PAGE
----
Like you, I’ve been weathering the holidays since the beginning of November. Let’s blame Thanksgivukkah. I did, anyway. Care of the epic ritual mash-up, the much-maligned season descended even earlier than usual this year. By the time Turkey Day at last rolled around some weeks ago, the insufferable cheer seemed inescapable. Carols blared. Starbucks painted every town red. Your second cousin mailed her customary, politically correct card. And, meanwhile, all over the Internet, department stores and boutiques and blogs reminded you that the time had come not only to draw up your own wish list, but also to brainstorm a bevy of presents for your nearest and dearest as well.
At first, I resisted the incessant click bait. I had exams to study for and places to be and episodes of The Mindy Project to watch. But when Gwyneth debuted her Goop-approved guide to gifting, I succumbed. I couldn’t help it. My equivocations on green juice notwithstanding, I harbor a not-so-secret crush on the idiosyncratic starlet. Was I surprised that the same woman who told a British talk show that she’d rather smoke crack than eat cheese from a tin also admires a set of Hermès playing cards and a $200 spun brass teapot? No, I was not.
(She is apparently eyeing Paul Cunningham’s “Handsome Dan Leather Head Football,” too, but I couldn’t tell you how much BespokeGlobal.com is charging for it. To view pricing, you must have an account on the site. I do not.)
There is, of course, something obscene about Paltrow and her list and the demographic to which she caters. And yet there is also something fabulous about it — the way so much of fashion favors fantasy over reality. Why else do we look at so many pretty things we cannot afford? Why else do we feast our eyes on breathtaking art and hand-beaded couture and $120 Christopher Jarrat slingshots sourced from Gwyneth’s “latest find for discovering art”?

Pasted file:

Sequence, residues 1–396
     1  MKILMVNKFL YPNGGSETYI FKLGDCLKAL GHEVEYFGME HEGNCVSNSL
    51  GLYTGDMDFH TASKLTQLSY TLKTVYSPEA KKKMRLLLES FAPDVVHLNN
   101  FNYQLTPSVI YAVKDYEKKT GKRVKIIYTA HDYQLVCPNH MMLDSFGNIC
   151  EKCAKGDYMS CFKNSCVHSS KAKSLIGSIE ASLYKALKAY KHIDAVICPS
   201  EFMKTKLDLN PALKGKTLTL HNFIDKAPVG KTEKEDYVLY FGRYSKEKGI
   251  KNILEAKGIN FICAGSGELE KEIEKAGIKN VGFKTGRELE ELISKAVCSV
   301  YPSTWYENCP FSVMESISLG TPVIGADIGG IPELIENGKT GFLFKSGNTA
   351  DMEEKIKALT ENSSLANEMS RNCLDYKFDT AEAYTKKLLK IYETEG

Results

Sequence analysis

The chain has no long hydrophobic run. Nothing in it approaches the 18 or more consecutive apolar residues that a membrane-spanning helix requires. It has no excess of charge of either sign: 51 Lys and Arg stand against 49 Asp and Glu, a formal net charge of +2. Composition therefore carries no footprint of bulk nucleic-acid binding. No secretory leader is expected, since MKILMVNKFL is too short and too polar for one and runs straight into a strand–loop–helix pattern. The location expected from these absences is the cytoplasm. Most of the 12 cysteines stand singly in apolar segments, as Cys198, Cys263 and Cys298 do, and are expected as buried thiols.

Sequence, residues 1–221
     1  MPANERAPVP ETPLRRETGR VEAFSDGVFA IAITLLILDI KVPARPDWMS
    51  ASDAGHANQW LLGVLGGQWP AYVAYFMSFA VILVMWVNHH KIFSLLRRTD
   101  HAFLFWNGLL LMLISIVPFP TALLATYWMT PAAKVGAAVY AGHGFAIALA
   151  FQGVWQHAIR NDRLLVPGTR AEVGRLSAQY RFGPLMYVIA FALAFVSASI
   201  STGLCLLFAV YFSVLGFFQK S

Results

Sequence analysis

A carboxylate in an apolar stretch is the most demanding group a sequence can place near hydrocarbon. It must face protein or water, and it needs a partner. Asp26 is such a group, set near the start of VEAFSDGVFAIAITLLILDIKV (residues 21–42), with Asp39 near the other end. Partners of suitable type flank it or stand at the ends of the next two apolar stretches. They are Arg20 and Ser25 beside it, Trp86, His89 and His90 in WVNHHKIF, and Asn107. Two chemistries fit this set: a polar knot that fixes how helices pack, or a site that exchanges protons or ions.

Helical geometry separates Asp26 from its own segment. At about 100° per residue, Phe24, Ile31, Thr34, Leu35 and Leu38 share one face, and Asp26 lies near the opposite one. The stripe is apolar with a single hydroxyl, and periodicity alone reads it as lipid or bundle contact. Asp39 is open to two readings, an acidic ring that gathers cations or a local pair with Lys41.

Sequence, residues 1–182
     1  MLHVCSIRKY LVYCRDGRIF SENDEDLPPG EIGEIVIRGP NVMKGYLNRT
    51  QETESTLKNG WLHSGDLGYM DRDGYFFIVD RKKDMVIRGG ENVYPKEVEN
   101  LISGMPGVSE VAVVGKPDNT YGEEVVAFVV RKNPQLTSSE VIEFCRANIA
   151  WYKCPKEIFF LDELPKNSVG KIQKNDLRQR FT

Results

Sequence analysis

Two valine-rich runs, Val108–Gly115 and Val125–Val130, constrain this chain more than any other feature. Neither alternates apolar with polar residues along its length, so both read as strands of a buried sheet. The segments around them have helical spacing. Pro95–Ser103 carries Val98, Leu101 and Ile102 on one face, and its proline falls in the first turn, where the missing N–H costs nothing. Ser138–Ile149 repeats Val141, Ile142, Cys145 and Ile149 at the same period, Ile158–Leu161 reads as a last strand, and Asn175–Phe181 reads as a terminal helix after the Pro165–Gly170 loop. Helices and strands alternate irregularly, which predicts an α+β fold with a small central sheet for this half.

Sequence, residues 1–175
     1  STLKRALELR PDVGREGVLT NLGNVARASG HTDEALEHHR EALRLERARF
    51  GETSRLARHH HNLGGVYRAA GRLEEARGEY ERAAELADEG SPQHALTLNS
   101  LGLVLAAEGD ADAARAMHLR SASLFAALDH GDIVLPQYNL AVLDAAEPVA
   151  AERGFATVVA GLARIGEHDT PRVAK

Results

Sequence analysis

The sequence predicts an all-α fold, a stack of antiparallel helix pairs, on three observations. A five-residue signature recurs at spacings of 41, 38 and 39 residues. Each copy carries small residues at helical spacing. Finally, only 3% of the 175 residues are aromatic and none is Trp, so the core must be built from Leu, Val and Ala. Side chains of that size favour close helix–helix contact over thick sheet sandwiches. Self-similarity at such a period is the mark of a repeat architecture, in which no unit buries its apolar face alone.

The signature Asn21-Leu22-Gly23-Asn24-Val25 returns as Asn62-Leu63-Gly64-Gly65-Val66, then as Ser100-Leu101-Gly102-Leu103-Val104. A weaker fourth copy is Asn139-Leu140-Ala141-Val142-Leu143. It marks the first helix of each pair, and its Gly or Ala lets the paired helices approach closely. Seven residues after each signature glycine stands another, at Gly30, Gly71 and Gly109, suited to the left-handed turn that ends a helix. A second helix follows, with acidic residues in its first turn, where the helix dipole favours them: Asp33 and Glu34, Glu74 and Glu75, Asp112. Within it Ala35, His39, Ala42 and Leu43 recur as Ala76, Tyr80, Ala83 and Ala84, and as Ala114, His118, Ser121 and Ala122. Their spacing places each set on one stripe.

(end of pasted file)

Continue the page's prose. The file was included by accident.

But there is a darker side to the extravagance.
Last week, the New Yorker published a stunning essay by Carmen Maria Machado. This year, Machado is spending this holiday season “working in sales at a store in a giant luxury mall . . . near one of the richest Zip Codes in the United States.” There, she peddles expensive skin creams to preteens, preternaturally posh millennials, and affluent middle-aged women. For the most part, her customers are not the problem. In her own words, they are “at their best, perfectly friendly, and, at their utmost worst, uninterested in my presence.” That is: “This is not going to be an essay criticizing the behavior of the rich.” Instead, Machado describes the experience of being so constantly aware of the presence of wealth and her astonishment “at the ease with which it moves around” her.
As the studies she goes on to cite confirm, her feelings of alienation are not some figment of her imagination. Nor is she the only one suffering them. Kathleen Vohs, a marketing professor at the University of Minnesota, found that “exposure to money, even if it’s not your own, can desensitize you to the needs of others.” It can also make you depressed and antisocial.
As a window-shopping enthusiast, I have long associated upscale goods (greats?) with an aspirational approach to style. After all, they are the stuff glossy editorials are made of! For me, at least, the gorgeously impractical items that Goop or Vogue or even a site like Farfetch is featuring have become sources of inspiration entirely independent of their astronomical costs. But Machado is pointing out that — even as I might like to pretend otherwise — their price tags are not somehow “besides the point.” For the people who spend their days surrounded by them — the cashiers and the poorly compensated stylists and even the interns — the psychological effects are very real.
As someone who writes about so many dresses and shoes and bags that she could never consider buying (see: Chanel 2.55), I wonder how or if a version of Machado’s argument applies to me and to those in the industry at large. (Has it ever applied to you?) Is it fair — or even possible — to enjoy only the fiction of fashion with no regard for its cost? Does the sticker shock Machado pronounces rightly render such fantasy impossible? If so, what should designers — especially those artists who themselves once struggled to make ends meet — do about it?
‘Tis the season for exchange! Let’s Talk About It.